You MUST marinate at LEAST overnight, 24 hours would be better.
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Apr 27, 2008
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This is the best thread I have seen in some time! The pictures have inspired me to start the BBQ real soon.
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Burlington-Hamilton
duckdown wrote: hell yeah, i'm in! czechvars are great!

hopefully its cabbing distance so i dont have to drive hehehe
Well I'm not necessarily offering free beers, but my place is VERY close to transit ;)

Arg, the main problem is logistics of getting people in due to tight condo security and lack of parking.
- casual gastronomist -
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pnorris3 wrote: The pictures have inspired me to start the BBQ real soon.
start? i never stopped :twisted:
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Whitby
I was testing out a new pepperette recipe today (this one wasn't smoked). I *gasp* used liquid smoke...... Unreal recipe, it turned out amazingly well. I can't wait to stuff this into snack stick casings and smoke away..... I love hot food, this had a nice zip with chili flakes, mustard seeds, fennel, black pepper, garlic, and paprika. The cure was Morton's Tender Quick (0.5% sodium nitrate, 0.5% sodium nitrite).

*drool*

[IMG]http://img.photobucket.com/albums/v308/ ... ure927.jpg[/IMG]
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Peterborough
Steak for St. Patrick's Dinner:

[IMG]http://img89.imageshack.us/img89/3395/2 ... er0029.jpg[/IMG]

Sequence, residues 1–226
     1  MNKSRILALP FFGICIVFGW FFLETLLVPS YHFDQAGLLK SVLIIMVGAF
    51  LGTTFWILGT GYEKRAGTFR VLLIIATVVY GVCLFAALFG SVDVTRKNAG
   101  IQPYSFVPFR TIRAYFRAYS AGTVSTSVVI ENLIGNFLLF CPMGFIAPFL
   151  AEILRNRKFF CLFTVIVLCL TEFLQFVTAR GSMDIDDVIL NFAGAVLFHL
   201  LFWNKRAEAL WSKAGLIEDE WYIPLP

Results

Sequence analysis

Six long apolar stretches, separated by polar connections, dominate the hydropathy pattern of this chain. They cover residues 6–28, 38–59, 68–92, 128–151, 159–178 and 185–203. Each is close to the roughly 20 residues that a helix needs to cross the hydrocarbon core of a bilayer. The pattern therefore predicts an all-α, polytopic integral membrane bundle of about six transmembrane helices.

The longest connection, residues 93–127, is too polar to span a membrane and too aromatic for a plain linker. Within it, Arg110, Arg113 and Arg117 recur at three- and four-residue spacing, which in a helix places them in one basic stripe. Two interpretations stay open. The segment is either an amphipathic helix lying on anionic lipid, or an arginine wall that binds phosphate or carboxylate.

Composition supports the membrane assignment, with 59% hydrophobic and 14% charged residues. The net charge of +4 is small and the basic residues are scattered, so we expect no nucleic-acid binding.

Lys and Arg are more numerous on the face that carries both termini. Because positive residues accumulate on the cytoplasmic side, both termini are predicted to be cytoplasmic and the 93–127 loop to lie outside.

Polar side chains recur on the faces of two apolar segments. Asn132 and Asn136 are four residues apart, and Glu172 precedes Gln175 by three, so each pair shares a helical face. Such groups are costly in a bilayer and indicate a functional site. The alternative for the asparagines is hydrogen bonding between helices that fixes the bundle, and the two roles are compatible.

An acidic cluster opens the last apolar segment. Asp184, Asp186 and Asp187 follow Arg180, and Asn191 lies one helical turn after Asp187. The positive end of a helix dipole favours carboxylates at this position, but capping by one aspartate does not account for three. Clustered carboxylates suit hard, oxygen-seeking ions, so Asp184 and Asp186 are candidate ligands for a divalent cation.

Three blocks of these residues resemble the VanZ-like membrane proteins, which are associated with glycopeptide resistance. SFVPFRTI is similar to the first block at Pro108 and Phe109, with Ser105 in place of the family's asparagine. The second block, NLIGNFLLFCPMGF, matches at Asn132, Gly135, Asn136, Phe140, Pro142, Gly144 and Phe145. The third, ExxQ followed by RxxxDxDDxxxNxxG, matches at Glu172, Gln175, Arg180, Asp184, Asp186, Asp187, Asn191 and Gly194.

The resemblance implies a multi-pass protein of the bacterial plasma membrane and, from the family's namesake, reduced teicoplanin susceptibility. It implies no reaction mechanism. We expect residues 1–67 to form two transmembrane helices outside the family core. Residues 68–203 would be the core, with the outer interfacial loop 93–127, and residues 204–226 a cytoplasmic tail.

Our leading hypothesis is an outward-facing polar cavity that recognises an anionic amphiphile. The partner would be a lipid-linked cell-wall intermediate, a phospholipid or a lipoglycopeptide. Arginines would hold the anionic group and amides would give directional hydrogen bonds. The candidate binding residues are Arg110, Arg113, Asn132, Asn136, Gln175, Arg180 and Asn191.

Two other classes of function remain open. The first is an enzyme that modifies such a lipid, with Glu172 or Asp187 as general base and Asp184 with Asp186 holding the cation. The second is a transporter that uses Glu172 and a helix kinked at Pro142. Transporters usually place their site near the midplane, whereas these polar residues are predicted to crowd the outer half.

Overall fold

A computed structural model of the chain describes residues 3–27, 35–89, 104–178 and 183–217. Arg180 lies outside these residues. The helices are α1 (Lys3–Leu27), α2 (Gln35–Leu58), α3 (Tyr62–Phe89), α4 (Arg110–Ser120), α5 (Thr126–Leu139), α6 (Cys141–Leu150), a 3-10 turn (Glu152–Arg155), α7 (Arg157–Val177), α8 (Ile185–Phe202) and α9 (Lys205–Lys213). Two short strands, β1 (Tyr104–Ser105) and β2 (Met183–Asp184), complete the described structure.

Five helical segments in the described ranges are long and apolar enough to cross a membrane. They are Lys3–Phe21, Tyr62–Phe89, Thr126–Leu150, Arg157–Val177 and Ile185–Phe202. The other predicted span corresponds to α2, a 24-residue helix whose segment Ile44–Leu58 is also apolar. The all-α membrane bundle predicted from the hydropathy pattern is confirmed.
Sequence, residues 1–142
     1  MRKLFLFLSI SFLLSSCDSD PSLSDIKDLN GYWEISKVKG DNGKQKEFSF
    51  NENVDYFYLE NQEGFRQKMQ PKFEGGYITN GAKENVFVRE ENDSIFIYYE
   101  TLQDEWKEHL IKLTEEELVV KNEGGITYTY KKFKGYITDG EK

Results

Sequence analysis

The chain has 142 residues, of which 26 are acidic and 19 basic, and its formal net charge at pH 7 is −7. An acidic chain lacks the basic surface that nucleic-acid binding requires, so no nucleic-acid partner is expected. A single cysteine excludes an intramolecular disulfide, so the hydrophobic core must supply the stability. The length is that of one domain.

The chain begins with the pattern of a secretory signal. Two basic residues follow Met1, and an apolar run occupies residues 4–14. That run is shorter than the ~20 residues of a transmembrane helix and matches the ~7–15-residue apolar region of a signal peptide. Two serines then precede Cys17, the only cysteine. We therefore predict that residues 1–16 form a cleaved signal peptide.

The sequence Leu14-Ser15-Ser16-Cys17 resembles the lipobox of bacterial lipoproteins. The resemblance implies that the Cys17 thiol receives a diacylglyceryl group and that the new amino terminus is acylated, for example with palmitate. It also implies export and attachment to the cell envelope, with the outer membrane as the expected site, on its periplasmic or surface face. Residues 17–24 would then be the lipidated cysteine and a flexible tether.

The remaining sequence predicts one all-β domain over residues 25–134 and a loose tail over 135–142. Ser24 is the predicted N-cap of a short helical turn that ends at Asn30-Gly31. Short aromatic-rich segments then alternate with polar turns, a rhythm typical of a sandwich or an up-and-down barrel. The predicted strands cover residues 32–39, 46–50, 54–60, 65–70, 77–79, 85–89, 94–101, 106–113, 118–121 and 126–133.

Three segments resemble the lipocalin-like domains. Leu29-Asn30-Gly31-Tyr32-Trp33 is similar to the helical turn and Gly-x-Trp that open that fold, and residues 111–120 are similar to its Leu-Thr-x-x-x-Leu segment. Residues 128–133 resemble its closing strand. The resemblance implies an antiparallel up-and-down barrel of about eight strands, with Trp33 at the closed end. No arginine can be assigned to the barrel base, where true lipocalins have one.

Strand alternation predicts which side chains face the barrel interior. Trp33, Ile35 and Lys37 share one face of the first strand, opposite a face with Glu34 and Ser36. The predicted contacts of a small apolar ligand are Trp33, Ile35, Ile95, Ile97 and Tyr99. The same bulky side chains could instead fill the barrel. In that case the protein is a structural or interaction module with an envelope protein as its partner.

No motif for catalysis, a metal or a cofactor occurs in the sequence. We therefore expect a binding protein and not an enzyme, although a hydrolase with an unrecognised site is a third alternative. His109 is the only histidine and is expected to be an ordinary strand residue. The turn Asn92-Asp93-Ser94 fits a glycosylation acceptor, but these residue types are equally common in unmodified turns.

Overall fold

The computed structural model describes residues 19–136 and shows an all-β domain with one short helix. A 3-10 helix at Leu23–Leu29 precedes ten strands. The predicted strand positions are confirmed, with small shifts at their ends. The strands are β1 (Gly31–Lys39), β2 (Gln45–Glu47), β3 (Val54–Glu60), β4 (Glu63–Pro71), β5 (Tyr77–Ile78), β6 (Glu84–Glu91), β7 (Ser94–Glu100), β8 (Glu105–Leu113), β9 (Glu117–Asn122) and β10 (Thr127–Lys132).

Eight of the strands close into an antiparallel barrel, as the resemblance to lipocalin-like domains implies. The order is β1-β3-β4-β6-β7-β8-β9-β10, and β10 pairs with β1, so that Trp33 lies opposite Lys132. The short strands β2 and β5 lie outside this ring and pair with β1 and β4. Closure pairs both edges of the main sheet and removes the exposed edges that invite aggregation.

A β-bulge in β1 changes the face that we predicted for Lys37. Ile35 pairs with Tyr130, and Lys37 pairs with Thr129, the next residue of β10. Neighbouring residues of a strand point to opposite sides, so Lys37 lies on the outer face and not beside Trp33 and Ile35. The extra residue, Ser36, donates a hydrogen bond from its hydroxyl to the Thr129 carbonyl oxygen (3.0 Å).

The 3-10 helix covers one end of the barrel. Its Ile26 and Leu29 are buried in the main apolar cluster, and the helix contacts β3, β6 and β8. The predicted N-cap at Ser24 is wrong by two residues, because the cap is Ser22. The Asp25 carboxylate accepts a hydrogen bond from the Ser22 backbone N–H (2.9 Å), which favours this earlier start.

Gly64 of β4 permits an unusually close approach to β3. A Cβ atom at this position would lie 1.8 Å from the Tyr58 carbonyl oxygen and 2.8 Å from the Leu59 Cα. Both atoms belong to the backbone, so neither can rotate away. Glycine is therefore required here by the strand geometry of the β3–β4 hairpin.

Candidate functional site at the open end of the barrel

Very nice medium rare - medium temperature:

[IMG]http://img265.imageshack.us/img265/429/ ... er0033.jpg[/IMG]

[IMG]http://img215.imageshack.us/img215/4999 ... er0034.jpg[/IMG]

The final product, with Grilled Asperagus, onions, mushrooms, potatoes and yams:

[IMG]http://img2.imageshack.us/img2/8972/201 ... er0037.jpg[/IMG]
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That's how i like my steak.

Great pics guys.
WTB: A Dance With Dragons from A Song of Ice and Fire
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Markham
Dr Butcher wrote: These are short ribs cut flanken style. They can be chewy but a thin cut helps out a lot. They are really flavourful yet a fatty cut. I marinate them overnight and then put them over blazing high heat (charcoal preferably, but gas is good too) for a couple of minutes per side and they are crazy good.

I found this recipe a while back and it's my go to recipe for Kalbi:

http://www.npr.org/templates/story/stor ... Id=4793091
Try this recipe for Galbi /Kalbi ....it's more authentic IMO. Koreans use the Asian Pears for sweetness (and it may also help in the tenderizing). I've made it several times and it's is fantastic.

http://aeriskitchen.com/2009/01/beef-ga ... 84sogalbi/
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I definitely need to try kalbi sometime.

I really like that AerisKitchen site.

- MJ.